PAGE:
Brazil allows imported soy for biodiesel production

08 December 20

The Brazilian National Energy Policy Council on Nov. 18 published a resolution that allows imported soybeans and imported soybean oil to be used to produce biodiesel. It is unclear how long the resolution will remain in force.

A report filed with the USDA Foreign Agricultural Service’s Global Agricultural Information Network explains that soybean oil prices in Brazil have been spiraling in correlation with quickly dissipating product stocks. The new policy move reflects the government’s growing concern over spiking consumer inflation, according to the report. Consumer inflation was at 0.94 percent in October, the highest monthly rate since 1995. Soybean oil prices were up 22.4 percent for the month.

The Nov. 18 resolution effectively creates an exemption to Brazilian legislation that mandates that all biofuel sold at Brazilian Petroleum, Natural Gas and Biofuels Agency (ANP) auctions has to be manufactured from oils and fats of domestic origin. The newly approved exemption permits ANP to allow for the use of imported raw materials in biodiesel auction notices. ANP auctions are the official and only channel of biodiesel distribution in Brazil.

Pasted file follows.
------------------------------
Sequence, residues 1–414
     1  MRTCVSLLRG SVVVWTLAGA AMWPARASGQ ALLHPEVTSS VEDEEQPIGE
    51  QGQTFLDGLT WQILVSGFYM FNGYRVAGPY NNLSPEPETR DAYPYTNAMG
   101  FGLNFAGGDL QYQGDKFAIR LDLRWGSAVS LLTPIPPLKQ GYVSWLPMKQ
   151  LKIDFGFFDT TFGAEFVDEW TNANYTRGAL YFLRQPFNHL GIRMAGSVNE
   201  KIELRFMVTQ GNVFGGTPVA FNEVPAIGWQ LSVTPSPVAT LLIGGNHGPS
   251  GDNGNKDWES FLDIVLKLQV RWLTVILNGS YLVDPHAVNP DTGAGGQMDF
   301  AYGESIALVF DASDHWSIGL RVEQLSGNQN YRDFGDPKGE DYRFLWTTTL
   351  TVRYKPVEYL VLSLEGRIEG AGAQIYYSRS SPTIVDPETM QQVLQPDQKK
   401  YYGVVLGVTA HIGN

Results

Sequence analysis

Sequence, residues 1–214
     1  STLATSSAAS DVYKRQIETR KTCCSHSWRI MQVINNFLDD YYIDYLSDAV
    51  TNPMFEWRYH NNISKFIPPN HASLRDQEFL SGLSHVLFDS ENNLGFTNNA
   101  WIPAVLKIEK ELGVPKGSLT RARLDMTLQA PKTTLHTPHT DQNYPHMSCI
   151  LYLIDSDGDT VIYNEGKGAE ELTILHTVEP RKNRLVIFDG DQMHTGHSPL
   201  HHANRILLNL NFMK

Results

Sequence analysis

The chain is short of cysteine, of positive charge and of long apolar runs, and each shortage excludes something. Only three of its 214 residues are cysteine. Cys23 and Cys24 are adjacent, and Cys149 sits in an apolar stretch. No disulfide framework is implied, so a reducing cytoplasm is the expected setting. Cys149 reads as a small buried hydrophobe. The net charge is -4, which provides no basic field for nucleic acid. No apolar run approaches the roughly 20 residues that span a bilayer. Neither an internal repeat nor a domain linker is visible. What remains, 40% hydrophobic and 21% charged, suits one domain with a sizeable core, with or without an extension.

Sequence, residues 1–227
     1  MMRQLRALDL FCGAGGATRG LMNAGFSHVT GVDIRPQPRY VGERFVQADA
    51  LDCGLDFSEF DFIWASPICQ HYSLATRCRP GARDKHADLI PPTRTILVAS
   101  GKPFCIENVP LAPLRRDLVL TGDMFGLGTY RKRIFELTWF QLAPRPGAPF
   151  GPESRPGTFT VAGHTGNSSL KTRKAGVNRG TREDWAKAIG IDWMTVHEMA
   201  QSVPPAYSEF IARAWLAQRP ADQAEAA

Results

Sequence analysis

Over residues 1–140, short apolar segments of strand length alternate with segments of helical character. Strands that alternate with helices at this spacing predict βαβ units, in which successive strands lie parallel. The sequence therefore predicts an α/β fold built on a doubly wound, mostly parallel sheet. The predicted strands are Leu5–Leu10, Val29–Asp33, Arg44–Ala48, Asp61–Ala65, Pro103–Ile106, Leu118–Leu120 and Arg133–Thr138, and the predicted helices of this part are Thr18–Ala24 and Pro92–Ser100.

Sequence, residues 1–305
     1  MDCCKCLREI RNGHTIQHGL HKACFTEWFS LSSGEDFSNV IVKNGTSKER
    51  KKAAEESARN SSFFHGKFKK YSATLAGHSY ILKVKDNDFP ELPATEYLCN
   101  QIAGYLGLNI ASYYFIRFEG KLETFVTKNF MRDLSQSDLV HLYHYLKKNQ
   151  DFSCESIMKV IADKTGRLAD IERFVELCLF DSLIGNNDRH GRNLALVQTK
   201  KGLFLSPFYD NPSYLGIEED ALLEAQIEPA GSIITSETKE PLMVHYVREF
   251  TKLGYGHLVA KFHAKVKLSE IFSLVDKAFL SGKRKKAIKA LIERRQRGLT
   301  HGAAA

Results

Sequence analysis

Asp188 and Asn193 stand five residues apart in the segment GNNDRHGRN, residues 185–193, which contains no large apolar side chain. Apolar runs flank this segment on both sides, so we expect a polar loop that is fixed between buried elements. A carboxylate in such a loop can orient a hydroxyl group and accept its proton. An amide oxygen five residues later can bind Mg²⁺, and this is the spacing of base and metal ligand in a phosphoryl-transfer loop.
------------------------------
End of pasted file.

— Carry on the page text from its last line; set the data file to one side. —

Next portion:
The GAIN report explains that ANP auctions allow the biodiesel industry to keep tight stocks, and produce only the volume of fuel that is to be delivered over the next two months. Brazil in 2019 produced 5.9 billion liters (1.56 billion gallons) of biodiesel. Soybean oil accounted for more than 70 percent of the feedstock used.

The ANP has progressively increased the mandatory blend rate for biodiesel sold domestically in recent years, including a 12 percent mandate put in place in March 2020. Since March, however, the ANP has temporarily lowered the biodiesel blend mandate twice due to a lack of available supplies.

According to the GAIN report, the market is ambivalent on whether the resolution will lead to higher Brazilian imports of soybeans and soybean oil. In the first two days following the resolution, no noticeable impact on prices was realized. The report explains that soy and soybean oil prices from traditional suppliers to the Brazilian market are also currently high, and Brazil’s devalued national currency is making imports more expensive. Prices are expected to come down at the start of 2021, when Brazil’s 2020-’21 soybean harvest begins and stocks are replenished.